The Opal Tower Effect: Sales crash. Confidence shattered.
During the past 12 months, the building and construction sector has been tarnished with all key stakeholders looking for exit signs to parachute. For most law-abiding citizens, what has surfaced in the building and construction sector over the past 12 months beggar’s belief. Put simply, most Australians have a valid case in saying “If I did what certifiers or other service providers did in the building and construction sector, I would be looking at some serious legal and disciplinary actions.” It was Christmas 2018, when owners and occupants of the Sydney Opal Tower woke up and instantly realized that Santa must be lost. Perhaps it was the arctic freeze or satellites not working from solar flares, but after hearing walls cracking for the past 9 months in the Sydney Opal Tower, residents knew the more probable explanation was something is not right. Not the Christmas everyone planned with family and friends.
How is it possible in a world obsessed with smart city technology, that owners and occupants for 9 months did not know whom to contact and report cracking wall concerns?
The best way to manage strata issues is to use a communication platform that empowers owners and occupants. I doubt you can buy a $15k dollar car that would not have a warning light every 6 months on the dashboard to “Check Oil.” The average price of apartments in Sydney and Melbourne is $700k and you get no strata property platform that can assist all the owners and occupants in managing tens of millions of dollars in assets. Since the Sydney Opal Tower debacle, it has been a race to the bottom. For decades every state regulator has had their lights on, but nobody was home. Our local, state and federal agencies in hindsight were toothless tigers focused on short term revenue with hundreds of millions of dollars generated in development application fees, rates and stamp duty.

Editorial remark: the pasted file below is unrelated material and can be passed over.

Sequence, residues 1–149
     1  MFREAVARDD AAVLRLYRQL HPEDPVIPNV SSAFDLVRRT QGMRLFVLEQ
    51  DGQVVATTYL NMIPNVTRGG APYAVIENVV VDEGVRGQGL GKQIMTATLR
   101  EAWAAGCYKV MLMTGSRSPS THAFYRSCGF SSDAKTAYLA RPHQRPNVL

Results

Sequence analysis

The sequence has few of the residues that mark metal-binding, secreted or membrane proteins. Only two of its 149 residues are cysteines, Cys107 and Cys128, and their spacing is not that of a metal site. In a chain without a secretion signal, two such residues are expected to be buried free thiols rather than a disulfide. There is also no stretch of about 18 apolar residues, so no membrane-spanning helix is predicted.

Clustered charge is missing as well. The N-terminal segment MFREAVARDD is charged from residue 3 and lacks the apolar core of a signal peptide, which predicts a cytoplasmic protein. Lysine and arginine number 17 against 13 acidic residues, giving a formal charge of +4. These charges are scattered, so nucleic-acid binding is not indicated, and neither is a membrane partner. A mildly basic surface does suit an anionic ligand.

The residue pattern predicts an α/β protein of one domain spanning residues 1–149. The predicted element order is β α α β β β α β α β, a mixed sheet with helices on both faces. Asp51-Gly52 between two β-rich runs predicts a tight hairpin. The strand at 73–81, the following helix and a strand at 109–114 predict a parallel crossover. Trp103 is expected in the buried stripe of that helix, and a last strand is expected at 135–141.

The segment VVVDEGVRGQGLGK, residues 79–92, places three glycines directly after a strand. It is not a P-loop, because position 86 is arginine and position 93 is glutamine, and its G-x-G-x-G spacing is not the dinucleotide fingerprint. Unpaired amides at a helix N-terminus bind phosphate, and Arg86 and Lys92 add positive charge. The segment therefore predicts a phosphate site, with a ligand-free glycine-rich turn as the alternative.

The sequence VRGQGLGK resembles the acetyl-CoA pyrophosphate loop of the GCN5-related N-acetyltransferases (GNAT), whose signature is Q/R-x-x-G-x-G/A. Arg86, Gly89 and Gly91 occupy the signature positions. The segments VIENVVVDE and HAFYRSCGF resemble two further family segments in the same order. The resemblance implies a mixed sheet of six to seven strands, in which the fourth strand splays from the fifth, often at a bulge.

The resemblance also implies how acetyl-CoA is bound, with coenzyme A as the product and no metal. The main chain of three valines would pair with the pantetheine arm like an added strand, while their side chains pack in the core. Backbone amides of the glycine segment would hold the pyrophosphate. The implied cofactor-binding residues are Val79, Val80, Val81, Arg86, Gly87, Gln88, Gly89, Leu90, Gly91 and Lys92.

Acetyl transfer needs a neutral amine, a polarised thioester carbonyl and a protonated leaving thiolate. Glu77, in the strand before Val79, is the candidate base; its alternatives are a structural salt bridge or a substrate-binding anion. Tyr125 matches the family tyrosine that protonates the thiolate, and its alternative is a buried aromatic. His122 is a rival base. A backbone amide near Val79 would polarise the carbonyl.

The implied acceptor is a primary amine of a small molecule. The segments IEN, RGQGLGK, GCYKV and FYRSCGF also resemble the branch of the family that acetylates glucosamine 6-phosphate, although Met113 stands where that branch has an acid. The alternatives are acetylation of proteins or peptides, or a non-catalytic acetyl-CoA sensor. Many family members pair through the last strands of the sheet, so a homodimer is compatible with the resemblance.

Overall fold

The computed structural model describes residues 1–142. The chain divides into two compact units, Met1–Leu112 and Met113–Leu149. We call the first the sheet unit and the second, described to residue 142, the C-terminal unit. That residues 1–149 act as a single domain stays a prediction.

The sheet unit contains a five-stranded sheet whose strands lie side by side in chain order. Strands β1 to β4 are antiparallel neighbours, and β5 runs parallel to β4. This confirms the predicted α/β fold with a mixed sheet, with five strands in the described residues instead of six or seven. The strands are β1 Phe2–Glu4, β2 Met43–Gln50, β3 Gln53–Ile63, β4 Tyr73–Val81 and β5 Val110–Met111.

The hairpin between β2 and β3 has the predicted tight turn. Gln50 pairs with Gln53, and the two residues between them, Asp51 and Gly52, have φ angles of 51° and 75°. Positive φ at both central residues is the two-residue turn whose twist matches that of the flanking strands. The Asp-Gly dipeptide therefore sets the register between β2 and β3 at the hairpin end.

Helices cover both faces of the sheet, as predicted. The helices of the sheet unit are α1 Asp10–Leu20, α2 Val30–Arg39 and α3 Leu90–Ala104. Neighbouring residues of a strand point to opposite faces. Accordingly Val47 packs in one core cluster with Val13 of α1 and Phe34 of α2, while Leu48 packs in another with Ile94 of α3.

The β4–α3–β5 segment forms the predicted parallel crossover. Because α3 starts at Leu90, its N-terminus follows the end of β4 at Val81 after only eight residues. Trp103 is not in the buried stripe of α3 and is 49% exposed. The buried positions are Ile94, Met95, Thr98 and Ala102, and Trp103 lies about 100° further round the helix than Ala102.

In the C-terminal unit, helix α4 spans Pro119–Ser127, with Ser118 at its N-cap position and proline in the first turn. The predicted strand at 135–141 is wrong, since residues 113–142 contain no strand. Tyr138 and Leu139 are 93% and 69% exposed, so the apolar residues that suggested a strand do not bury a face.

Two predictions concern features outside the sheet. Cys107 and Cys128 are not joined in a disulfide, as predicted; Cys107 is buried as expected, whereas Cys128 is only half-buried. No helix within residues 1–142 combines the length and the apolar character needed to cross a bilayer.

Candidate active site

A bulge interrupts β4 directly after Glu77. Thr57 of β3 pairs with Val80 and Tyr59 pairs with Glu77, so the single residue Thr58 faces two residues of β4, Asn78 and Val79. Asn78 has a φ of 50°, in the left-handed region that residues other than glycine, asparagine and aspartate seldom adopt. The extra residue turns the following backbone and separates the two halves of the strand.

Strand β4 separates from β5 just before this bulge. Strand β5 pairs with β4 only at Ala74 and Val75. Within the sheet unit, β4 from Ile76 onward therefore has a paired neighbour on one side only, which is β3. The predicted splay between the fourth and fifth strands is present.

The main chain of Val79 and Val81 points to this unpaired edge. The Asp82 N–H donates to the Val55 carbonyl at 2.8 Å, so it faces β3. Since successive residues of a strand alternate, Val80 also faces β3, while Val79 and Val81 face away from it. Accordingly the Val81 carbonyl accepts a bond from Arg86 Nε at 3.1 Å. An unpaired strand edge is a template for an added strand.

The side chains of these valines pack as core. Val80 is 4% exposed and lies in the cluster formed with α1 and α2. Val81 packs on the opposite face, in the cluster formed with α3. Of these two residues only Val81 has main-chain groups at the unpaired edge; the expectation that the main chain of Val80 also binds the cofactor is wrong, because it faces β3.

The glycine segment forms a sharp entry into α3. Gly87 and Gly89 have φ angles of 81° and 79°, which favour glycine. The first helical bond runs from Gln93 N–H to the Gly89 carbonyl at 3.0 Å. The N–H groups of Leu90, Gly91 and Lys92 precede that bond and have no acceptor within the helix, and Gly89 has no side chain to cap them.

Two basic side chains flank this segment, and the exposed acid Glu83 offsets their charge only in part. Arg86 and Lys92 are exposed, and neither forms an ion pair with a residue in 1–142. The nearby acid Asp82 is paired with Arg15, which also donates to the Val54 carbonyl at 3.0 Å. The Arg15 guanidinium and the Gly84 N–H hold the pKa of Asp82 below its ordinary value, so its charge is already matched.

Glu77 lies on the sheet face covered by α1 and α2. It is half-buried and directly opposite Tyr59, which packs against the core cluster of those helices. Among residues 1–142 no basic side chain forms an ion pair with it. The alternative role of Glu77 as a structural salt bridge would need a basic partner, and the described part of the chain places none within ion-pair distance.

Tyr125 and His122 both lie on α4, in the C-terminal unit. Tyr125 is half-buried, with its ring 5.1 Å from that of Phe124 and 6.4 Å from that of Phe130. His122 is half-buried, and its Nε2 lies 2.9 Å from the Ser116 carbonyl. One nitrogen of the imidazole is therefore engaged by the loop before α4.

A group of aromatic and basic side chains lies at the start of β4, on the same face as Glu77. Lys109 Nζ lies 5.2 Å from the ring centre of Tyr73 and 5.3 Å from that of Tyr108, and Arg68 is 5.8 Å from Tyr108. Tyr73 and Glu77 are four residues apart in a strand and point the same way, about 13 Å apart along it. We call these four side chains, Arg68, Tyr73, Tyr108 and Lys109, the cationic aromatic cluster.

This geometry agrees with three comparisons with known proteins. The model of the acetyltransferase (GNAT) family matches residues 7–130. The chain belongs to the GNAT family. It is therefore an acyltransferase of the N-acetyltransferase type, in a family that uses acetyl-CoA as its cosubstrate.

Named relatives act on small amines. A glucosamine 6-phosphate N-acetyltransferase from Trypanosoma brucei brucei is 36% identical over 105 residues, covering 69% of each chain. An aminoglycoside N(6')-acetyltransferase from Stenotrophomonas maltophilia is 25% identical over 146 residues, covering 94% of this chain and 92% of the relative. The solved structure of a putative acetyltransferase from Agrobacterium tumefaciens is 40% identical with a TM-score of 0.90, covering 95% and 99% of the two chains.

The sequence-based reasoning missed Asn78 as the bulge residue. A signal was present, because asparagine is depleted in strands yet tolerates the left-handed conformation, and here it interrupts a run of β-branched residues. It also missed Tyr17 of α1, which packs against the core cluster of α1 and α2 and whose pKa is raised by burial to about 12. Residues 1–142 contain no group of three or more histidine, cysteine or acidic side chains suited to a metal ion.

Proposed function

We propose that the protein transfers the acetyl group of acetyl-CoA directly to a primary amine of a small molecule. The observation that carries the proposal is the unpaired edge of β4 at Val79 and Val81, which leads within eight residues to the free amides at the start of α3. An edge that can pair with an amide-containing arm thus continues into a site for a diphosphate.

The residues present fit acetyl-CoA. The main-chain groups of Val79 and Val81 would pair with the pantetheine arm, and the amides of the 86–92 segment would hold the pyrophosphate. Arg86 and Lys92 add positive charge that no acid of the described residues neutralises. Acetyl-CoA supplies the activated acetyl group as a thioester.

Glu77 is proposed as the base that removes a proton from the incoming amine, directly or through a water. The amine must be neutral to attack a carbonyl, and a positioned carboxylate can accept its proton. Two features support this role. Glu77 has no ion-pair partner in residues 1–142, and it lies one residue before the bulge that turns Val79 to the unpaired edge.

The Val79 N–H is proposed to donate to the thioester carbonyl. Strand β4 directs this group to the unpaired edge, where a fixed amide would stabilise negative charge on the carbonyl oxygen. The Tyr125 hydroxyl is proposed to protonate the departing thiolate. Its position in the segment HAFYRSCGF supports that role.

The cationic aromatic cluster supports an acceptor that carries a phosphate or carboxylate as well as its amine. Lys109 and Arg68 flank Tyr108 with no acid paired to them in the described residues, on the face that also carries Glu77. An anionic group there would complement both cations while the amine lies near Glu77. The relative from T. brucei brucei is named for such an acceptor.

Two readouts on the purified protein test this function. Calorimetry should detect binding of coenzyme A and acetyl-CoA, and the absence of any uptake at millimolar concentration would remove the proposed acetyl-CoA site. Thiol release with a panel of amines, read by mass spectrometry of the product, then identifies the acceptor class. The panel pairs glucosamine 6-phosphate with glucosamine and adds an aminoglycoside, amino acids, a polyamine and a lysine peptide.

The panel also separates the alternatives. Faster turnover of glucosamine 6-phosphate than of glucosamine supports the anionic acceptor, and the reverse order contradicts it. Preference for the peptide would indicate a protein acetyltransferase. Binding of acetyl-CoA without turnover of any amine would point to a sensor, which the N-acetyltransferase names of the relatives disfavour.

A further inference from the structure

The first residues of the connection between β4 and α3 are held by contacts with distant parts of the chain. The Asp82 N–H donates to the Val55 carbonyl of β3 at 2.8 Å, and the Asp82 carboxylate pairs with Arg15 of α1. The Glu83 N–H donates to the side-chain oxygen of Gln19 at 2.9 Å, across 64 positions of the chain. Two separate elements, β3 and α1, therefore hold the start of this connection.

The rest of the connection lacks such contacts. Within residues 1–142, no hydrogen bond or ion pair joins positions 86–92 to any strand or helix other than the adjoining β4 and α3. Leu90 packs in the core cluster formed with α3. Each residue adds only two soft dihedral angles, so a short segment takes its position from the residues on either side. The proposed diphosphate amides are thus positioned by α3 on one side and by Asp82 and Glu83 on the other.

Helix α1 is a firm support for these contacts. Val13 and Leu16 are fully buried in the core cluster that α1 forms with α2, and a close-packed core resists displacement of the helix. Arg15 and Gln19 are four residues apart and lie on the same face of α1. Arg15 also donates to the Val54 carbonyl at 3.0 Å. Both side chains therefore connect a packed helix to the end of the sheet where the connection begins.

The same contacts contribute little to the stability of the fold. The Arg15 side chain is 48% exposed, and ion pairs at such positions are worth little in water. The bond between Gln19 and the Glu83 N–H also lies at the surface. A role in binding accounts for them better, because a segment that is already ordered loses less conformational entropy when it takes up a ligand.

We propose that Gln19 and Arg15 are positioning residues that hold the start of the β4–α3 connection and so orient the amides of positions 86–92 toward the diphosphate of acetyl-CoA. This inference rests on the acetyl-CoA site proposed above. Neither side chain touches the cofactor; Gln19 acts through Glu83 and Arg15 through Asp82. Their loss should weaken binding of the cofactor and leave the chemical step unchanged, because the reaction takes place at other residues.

As reported in The Australian Financial Review on 24th October 2019, “Concerns over combustible cladding and construction defects and weaker consumer demand for new apartments, sales of residential development sites plummeted 38 per cent to $5.1 billion in the 2019 financial year.” The ongoing defects debacle nationally has taken the heat out of the property market.
The cracking walls in the Sydney Opal Tower echoed the cracks in the building and construction sector and has changed the industry forever.
Newly appointed New South Wales Building Commissioner, David Chandler, recently issued a fresh warning. “If I was spending $750,000, it is my opinion that, in fact, I would be down there having a look at the building. I hope other people do that going forward.” Some good advice but now is not the time to put any further responsibility on potential buyers. There are some encouraging signs from the regulators working with the building and constructor sector moving forward.
No doubt, the standard and quality of construction will improve, but what of the millions of Australians living in strata apartments already built? Where to from here? Sadly, many owners will be notified of major structural and construction defects in the coming months and years, that will financially and emotionally destroy hard working Australians.
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